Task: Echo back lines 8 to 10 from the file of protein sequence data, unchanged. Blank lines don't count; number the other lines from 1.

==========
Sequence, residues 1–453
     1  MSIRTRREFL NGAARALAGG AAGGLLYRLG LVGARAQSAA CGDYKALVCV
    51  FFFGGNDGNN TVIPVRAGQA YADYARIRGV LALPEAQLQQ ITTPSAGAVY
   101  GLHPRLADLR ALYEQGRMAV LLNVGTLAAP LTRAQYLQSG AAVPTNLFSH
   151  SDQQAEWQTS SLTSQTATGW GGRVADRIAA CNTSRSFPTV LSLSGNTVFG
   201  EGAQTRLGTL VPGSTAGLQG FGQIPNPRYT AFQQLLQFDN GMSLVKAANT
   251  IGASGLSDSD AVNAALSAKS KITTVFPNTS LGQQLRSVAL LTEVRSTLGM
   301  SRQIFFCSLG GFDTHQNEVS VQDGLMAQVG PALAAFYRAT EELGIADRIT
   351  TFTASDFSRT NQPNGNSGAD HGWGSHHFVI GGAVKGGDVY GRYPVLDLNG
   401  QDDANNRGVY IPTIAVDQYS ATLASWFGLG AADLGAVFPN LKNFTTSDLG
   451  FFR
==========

   301  SRQIFFCSLG GFDTHQNEVS VQDGLMAQVG PALAAFYRAT EELGIADRIT
   351  TFTASDFSRT NQPNGNSGAD HGWGSHHFVI GGAVKGGDVY GRYPVLDLNG
   401  QDDANNRGVY IPTIAVDQYS ATLASWFGLG AADLGAVFPN LKNFTTSDLG